President Muhammadu Buhari on Friday said no democratically elected government since 1999 has achieved what his administration has done in six years, but available data shows otherwise.
The president, during a televised broadcast to commemorate the 61st anniversary of Nigeria’s independence, said his administration has achieved a lot since coming to power in 2015.
“No government since 1999 has done what we have done in six years to put Nigeria back on track,” he said.
“A lot has been achieved in the last six years on many fronts: in infrastructure, social care, governance, Nigeria’s image and influence in Africa and the international community.
“Critics misdiagnose incremental progress as stagnation. Since coming to power, this administration has tackled our problems head-on in spite of the meagre resources,” he said.
Data shows opposite
While Mr Buhari claimed his administration has outperformed his predecessors since the inception of democracy, available data shows otherwise.
Although the Buhari government has recorded relative success especially in infrastructure and social safety provision, it has underperformed in the management of the economy, security, education, and health.
The administration’s anti-corruption campaign has not fared any better than its predecessors. Nigeria has more poor people now than before, and governance continues to be dogged by inefficiency and waste. The government has also been increasingly less tolerant of dissent than some of predecessors.
Despite its professed commitment to developing the agricultural sector, and indeed investment in the sector, agriculture has grown at the weakest rate under the Buhari administration than any other government since the return of democracy in 1999.
Analysis of the country’s Gross Domestic Product (GDP) by Statisense, a data analysis platform, revealed that the country’s agric sector under the Buhari administration grew at an average of 15 per cent in the past five years of the government.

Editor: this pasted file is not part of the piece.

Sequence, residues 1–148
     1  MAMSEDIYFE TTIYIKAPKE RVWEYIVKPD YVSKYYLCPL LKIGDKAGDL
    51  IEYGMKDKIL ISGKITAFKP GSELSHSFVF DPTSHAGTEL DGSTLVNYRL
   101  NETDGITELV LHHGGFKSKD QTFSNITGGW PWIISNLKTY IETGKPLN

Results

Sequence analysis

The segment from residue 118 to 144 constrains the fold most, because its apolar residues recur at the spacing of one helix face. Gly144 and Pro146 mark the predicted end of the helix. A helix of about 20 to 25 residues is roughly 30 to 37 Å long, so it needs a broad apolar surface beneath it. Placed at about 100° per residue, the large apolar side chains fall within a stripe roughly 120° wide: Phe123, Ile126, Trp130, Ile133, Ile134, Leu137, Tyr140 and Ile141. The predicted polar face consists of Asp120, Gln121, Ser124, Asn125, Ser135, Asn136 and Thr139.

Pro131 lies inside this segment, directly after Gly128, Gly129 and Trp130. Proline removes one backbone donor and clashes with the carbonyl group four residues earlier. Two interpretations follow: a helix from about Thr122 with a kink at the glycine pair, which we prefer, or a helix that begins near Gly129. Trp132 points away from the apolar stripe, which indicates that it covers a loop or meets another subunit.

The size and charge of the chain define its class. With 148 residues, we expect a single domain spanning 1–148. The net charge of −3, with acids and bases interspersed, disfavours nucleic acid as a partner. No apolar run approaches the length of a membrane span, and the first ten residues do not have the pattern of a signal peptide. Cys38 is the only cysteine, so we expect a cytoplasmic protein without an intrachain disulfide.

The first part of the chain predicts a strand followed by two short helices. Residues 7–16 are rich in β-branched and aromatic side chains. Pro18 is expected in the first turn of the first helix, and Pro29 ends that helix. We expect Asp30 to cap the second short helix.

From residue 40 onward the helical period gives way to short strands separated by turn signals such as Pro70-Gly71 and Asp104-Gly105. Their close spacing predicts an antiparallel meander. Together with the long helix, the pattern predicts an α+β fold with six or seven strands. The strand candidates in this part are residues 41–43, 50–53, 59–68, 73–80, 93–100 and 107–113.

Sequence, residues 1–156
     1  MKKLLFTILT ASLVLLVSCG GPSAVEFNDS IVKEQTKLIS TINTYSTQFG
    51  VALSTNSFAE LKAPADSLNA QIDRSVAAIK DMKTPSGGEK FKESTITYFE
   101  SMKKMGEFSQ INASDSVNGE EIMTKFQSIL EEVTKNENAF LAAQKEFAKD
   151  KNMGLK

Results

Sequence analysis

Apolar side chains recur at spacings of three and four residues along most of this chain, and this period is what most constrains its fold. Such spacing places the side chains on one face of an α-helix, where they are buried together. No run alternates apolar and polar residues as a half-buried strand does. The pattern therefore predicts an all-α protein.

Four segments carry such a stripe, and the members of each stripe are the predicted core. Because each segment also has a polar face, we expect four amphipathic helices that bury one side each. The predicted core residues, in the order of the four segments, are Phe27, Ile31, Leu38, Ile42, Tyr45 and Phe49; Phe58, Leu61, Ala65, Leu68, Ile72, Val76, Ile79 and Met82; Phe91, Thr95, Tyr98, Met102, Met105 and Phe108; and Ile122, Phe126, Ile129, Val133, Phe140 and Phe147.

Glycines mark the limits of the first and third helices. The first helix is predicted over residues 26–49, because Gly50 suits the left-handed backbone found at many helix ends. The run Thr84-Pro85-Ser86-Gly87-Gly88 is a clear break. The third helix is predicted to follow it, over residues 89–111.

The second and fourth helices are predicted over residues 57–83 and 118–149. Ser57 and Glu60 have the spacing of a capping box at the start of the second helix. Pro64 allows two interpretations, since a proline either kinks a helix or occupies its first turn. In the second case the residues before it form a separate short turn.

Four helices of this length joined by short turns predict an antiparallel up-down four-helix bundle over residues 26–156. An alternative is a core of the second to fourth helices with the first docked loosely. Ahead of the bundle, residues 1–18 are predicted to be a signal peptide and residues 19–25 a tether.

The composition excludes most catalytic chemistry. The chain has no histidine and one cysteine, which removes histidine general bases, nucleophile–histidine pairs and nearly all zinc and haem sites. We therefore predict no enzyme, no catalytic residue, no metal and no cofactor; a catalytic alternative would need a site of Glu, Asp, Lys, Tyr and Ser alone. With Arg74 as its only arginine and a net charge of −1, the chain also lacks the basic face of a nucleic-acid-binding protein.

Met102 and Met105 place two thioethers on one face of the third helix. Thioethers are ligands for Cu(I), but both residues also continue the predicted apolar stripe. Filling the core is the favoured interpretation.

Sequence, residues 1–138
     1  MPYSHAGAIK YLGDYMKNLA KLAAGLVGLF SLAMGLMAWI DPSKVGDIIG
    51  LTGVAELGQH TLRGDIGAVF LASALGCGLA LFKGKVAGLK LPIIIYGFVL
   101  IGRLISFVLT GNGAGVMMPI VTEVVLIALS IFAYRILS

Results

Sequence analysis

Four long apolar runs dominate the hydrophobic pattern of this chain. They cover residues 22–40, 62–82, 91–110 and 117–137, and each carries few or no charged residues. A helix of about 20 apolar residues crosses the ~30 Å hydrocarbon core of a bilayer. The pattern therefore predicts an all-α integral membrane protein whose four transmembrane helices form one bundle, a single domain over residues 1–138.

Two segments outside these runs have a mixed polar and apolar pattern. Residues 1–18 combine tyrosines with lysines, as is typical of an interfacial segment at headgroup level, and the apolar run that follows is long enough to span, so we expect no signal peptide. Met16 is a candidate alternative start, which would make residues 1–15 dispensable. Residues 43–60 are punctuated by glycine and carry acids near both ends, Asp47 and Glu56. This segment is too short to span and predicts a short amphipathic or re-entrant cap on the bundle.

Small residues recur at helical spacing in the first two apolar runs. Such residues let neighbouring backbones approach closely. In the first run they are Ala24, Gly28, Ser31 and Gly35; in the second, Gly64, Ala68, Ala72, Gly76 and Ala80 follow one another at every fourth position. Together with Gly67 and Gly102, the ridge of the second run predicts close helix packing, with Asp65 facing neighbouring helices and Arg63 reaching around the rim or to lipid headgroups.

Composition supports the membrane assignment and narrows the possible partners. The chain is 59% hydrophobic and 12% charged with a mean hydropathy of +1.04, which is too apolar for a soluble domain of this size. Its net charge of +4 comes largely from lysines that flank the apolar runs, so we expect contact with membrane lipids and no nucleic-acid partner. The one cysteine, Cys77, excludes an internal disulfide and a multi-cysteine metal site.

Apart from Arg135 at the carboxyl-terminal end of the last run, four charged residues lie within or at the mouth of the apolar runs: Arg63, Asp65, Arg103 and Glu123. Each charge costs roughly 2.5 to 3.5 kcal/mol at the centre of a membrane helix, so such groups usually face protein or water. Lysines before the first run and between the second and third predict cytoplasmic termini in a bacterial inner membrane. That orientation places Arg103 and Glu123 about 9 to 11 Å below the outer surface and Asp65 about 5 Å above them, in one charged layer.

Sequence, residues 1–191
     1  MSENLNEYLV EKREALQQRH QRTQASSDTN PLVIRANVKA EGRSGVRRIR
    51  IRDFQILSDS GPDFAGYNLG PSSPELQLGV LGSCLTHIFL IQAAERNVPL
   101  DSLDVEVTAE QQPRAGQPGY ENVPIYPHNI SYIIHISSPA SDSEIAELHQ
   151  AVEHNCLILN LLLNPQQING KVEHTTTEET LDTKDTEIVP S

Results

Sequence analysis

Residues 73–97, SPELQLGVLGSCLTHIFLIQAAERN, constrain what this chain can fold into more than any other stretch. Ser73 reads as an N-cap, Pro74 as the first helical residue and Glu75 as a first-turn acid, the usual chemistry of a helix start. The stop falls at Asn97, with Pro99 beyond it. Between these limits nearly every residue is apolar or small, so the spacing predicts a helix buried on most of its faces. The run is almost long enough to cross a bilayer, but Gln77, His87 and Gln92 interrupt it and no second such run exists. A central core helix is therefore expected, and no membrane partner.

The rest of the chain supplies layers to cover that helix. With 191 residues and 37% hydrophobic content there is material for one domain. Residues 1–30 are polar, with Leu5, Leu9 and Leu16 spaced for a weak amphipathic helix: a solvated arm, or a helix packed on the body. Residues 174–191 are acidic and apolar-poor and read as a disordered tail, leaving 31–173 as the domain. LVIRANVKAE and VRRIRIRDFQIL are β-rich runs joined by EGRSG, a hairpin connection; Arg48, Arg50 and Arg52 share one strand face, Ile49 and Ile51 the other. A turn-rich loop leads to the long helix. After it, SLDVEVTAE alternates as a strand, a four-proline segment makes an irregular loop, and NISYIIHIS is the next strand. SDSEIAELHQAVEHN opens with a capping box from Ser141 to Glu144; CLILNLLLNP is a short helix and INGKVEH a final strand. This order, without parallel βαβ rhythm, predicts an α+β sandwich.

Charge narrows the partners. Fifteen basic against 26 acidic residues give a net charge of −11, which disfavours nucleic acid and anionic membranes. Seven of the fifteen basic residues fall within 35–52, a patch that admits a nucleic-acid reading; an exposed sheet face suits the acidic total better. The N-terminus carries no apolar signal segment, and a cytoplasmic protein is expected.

By comparison, the sector grew by 133 per cent under the Obasanjo administration; 19.1 per cent under President Musa Yar’adua’s short tenure and 22.2 per cent under Mr Jonathan’s government.
The Buhari government has invested substantially in agriculture, and the sector remains the biggest employer of labour in the country. The slow sectoral growth implies the government’s intervention has not been effective enough to yield required outcomes, and analysts say a major impediment may be poor implementation.
After the expiration of the Agricultural Promotion Policy last December, Nigeria still does not have any officially communicated agricultural policy speaking to where the sector is headed.
Insecurity on the rise
Mr Buhari has also performed poorly in security. The president vowed to tackle “head on” the Boko Haram insurgents who at the time had taken over several local government areas in Borno, Adamawa and Yobe states.
He vowed to crush Boko Haram within three months and recover all the territories it had seized.
But six years after and less than two years to the end of his final second term, insecurity has worsened beyond the Boko Haram insurgency.
Virtually all parts of Nigeria are currently battling one form or another of violent crimes, evidence that the president has failed to keep his promise on security.
The Global Terrorism Index (2019) ranked Nigeria as the third-worst nation prone to terrorism with no improvement since 2017.
Asides insurgency, banditry, kidnapping and secessionist violence are pushing Nigeria towards the brink of collapse with many calling for the resignation of the president for “failing” to secure the country.
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The aftermath of this has been evident in the prices of all classes of food, as prices continue to skyrocket almost on a daily basis, leaving Nigeria’s large population of poor citizens struggling to get food and key ingredients for survival.
Nigeria’s food inflation reached 27 per cent in February 2021, according to the National Bureau of Statistics, making it the highest since at least 2005.
While inflationary pressures subsist, efforts to spur local food production by the Buhari-led administration in the bid to cut down on importation bills, and as well achieve food sufficiency have been majorly truncated by attacks on farms and farmers, forex scarcity, naira devaluation, and extreme climatic events, Covid-19 disruption, and challenges with importation due to border closure policy that lasted almost a year, causing food prices to steadily rise.